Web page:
Guest / Limited Access /

It's Potluck Sunday. I stand near the end of a long line wondering what will be left by the time I get to the front, grateful that I'm not particularly hungry. I have some idea of what the offerings will be: hot dogs wrapped in white buns, cut in half for the more delicate appetites; buckets of drive-through fried chicken anchoring the table. Neon-orange cheese doodles will inevitably show up, somewhere near the salads. The greenest item will be several bowls of lime Jell-O with fruit suspended in it, which, I've decided, is to signal its inobvious function as food.

We pray our thanks over this smorgasbord of chemical wizardry and marketing genius, ask that it would strengthen our bodies (something I believe will take divine intervention), and invite Jesus to be among us as we eat.

When we lift our heads, I consider this last request and wonder, surveying the tables: What would Jesus put on his plate? Would Jesus eat lime Jell-O and cheese doodles? Would he care that the chicken in the bucket came from cages where the birds were likely fed their own recycled excrement? Would he eat that barbequed pork that came from massive pig farms that pollute the water, soil, and air? Would he stand, as I do, filled with guilt, dread, and judgment before this culinary minefield?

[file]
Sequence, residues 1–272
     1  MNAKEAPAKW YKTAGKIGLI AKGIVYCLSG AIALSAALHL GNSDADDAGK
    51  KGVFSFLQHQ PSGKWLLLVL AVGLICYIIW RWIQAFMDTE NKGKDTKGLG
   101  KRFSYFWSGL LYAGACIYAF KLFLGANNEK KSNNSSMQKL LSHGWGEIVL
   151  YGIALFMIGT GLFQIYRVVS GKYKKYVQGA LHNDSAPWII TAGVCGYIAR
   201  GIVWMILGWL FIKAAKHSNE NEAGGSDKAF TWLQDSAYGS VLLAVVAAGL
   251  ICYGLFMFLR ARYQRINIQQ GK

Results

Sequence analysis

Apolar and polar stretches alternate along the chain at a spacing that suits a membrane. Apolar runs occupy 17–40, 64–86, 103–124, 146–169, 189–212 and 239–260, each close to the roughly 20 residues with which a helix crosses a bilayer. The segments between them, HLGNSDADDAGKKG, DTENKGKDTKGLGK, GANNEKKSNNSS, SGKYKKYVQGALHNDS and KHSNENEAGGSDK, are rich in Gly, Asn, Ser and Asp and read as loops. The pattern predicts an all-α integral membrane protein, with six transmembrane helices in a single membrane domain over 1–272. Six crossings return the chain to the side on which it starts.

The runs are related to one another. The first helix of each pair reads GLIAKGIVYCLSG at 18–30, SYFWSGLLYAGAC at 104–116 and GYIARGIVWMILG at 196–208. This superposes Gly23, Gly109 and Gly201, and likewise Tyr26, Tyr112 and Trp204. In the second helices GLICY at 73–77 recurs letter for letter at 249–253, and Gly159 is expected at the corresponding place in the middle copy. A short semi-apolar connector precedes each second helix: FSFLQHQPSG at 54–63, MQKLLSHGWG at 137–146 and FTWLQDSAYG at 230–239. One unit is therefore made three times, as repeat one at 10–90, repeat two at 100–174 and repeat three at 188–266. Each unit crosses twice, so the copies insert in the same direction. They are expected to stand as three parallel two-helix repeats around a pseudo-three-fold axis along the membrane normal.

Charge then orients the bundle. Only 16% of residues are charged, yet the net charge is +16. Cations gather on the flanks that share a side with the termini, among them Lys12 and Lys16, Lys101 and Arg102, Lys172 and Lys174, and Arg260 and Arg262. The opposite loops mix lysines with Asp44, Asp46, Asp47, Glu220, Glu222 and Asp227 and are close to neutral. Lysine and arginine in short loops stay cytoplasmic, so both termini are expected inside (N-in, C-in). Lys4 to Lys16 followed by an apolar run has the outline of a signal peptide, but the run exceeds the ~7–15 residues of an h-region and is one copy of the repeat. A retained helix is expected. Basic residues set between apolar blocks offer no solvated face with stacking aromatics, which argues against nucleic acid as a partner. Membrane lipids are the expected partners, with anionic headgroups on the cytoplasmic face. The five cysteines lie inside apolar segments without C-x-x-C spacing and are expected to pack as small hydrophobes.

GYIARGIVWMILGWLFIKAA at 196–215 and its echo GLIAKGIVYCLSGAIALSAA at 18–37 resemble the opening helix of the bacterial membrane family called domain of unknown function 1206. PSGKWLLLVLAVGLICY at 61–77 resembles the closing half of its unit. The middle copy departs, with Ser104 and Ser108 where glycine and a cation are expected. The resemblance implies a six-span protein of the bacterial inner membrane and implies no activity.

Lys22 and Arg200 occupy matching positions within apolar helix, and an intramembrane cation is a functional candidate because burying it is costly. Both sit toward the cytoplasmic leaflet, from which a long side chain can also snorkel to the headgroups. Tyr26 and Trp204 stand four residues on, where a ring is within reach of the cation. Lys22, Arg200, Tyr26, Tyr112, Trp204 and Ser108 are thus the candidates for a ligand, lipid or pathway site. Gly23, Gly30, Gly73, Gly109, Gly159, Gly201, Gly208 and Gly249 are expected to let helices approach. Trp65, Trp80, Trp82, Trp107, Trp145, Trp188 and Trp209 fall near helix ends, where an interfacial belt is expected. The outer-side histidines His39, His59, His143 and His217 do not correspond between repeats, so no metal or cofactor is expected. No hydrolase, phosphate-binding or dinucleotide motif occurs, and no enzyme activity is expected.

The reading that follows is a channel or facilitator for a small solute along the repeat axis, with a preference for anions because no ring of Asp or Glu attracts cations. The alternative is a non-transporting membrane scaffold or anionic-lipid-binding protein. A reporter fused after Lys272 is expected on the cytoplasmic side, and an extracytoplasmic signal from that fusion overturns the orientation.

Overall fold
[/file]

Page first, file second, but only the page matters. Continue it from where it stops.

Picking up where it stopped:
I think a lot about food these days, and not always charitably. I've been ruminating on the headlines and a recent crop of food books concerning what many are calling "the global food crisis," one that has given rise to a new food movement in the United States and abroad. The movement has taken on the momentum of a religious revival, changing the way Americans eat and how they think about food and the use of the earth. Eric Schlosser's Fast Food Nation; Michael ...

Subscriber access only You have reached the end of this Article Preview

To continue reading, subscribe now. Subscribers have full digital access.

Read These NextSee Our Latest
RecommendedStockpiling Treasures in My Junk Closet
Stockpiling Treasures in My Junk Closet
How I got rid of 1,000 things and finally found shalom.
TrendingChristianity Today's 2015 Book Awards
Christianity Today's 2015 Book Awards
Our picks for the books most likely to shape evangelical life, thought, and culture.
Editor's PickWhat Forgotten Christmas Tradition Should Churches Revive?
What Forgotten Christmas Tradition Should Churches Revive?
Rooting our celebration of Christ’s birth more deeply in our lives.
Comments
Christianity Today
A Feast Fit for the King
hide thisNovember November

In the Magazine

November 2010

To continue reading, subscribe now for full print and digital access.